Faced with mounting lawsuits over West Virginia’s massive chemical spill which contaminated the water supply of some 300,000 people, the company responsible filed for bankruptcy. But within that bankruptcy, another fight is looming.
According to U.S. Department of Justice bankruptcy trustee Judy A. Robbins, Freedom Industries is seeking to be represented by a law firm that may be too close to the company and its dealings. Specifically, Robbins said in a filing with the bankruptcy court on Wednesday, McGuireWoods LLP has represented both Chemstream Holdings, Inc. — the company that acquired Freedom Industries just weeks before the spill — and J. Clifford Forrest, who is both the owner of Chemstream and the owner of WV Funding LLC. WV Funding is the company that might be loaning Freedom Industries money to pull it out of bankruptcy, a fact some have said “smells of collusion.”
In addition to McGuireWoods representing Forrest and Chemstream, the firm has also represented Rosebud Mining — the third-largest coal producer in Pennsylvania, which is also controlled by Forrest. Chemstream Holdings owns Freedom, and has the same exact address as Rosebud Mining. Freedom’s peculiar company tie-ups make it hard to determine who, exactly, will be held accountable for its losses.
The question is, if Freedom itself needs to target Forrest, Chemstream or Rosebud Mining during its bankruptcy, will McGuireWoods be able to do it ethically? Federal bankruptcy law states that a law firm may only represent an estate if it is “disinterested” and does not “hold or represent an interest adverse to the estate,” so Robbins is questioning whether McGuireWoods is fit to be in charge of Freedom’s bankruptcy.
“The U.S. Trustee lacks sufficient information at this time to determine whether McGuireWoods’s representation of these entities disqualifies it from serving as [Freedom]’s counsel in this case,” Robbins court brief said. “Until [Freedom] has fully disclosed the details of its eve-of-bankruptcy acquisition by Chemstream, it is simply impossible to determine if any disqualifying conflicts have been triggered.”
The details of Chemstream’s takeover of Freedom could be useful for those who have been injured or harmed by the chemical spill, as it is a source of potential money. Part of Chemstream’s takeover allegedly included $1 million that was set aside by Freedom. And now, during bankruptcy proceedings, Freedom Industries Present Gary Southern has testified that he does not know where that money is.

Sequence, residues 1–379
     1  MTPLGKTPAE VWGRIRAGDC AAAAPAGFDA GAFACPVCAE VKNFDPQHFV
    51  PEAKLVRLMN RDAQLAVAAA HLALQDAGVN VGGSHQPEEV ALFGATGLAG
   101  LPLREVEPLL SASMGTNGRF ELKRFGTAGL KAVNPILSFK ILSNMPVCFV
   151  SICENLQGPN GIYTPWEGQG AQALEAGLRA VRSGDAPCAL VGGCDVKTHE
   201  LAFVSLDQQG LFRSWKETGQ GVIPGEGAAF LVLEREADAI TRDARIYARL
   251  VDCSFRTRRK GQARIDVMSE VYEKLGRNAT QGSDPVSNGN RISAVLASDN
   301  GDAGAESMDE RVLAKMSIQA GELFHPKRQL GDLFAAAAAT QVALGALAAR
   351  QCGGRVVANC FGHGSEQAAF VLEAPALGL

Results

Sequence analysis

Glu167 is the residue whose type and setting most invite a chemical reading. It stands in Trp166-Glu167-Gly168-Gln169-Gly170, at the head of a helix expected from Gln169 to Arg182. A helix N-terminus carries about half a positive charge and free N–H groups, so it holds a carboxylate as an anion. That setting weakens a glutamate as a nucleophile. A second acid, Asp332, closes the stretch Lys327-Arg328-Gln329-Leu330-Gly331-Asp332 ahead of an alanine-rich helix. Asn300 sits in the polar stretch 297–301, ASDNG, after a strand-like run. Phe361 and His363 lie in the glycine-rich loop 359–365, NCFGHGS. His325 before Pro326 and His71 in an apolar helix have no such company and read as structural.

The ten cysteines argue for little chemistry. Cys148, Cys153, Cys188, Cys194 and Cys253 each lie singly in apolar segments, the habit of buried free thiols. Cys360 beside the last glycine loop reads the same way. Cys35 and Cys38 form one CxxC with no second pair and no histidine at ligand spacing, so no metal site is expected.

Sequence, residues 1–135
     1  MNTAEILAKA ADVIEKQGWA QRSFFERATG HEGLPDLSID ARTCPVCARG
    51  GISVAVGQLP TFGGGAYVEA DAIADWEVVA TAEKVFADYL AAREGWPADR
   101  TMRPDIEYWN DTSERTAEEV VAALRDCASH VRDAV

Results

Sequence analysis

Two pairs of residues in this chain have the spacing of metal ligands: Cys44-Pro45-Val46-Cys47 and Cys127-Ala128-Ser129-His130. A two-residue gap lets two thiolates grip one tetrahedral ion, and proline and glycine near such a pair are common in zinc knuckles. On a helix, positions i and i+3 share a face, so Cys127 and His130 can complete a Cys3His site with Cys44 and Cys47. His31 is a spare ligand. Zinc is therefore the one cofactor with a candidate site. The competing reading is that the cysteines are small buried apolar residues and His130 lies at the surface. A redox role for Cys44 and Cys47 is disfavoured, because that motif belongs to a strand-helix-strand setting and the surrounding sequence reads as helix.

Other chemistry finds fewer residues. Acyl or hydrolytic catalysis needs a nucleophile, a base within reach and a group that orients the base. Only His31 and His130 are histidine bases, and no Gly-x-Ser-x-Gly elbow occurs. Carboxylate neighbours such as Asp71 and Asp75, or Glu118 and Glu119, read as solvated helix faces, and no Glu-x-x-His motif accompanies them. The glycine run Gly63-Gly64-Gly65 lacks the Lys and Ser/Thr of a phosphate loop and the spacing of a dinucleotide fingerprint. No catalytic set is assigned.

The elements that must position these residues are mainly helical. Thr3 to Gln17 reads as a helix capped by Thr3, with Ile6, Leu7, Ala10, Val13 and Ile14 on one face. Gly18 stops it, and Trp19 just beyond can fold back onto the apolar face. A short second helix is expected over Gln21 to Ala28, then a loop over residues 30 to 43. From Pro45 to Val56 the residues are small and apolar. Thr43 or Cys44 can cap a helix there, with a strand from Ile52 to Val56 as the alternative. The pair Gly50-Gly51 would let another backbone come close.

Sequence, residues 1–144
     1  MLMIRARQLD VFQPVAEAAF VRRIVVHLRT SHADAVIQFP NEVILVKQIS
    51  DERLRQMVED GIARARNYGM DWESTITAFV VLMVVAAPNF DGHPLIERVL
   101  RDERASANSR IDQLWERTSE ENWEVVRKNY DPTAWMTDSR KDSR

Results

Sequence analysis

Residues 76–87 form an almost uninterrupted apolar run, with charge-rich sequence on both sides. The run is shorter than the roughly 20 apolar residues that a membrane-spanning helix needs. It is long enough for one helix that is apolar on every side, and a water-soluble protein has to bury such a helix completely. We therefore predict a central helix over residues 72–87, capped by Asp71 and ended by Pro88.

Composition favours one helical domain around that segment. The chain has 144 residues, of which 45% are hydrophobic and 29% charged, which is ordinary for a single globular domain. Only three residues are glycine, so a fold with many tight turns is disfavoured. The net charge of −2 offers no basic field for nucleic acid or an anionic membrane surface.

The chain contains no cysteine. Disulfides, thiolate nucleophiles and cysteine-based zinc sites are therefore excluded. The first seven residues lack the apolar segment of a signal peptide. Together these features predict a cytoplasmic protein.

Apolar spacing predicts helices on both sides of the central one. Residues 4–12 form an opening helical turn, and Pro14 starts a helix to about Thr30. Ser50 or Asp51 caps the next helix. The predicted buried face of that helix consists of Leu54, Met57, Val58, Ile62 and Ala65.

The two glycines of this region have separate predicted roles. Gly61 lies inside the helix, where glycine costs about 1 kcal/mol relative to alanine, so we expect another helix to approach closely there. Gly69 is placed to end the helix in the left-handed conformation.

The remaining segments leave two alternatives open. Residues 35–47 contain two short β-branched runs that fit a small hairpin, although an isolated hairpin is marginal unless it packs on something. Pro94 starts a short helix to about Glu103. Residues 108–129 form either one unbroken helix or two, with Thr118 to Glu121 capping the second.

“I was shocked when he couldn’t tell me the location of $1 million that was in existence in December. This is the company president,” West Virginia attorney Jesse Forbes told the Wall Street Journal. “It’s $1 million. It’s not like misplacing the car keys.”
McGuireWoods had disclosed its connections to Freedom, Chemstream, and Forrest before the Robbins’ objections. The issue though, according to Robbins, is that the judge presiding over the bankruptcy immediately approved Freedom’s request to employ the law firm, without adequately considering the potential conflicts.
“The firm will not represent [Freedom] in matters directly adverse to” Rosebud Mining, or to Forrest, McGuireWoods told the Wall Street Journal. The paper also noted that the law firm also wouldn’t be able to investigate Chemstream’s takeover of Freedom. That work would pass to West Virginia law firm Barth & Thompson, according to a court filing from McGuireWoods.
McGuireWoods spokesman Bob Lewis told the Wall Street Journal that it “takes very seriously its ethical and disclosure obligations and devotes significant resources to those matters to ensure compliance.”
As of Thursday, U.S. bankruptcy judge Ronald G. Pearson has decided to let Freedom Industries continue to be represented by McGuireWoods, but only on a temporary basis until the potential conflict of interest is investigated.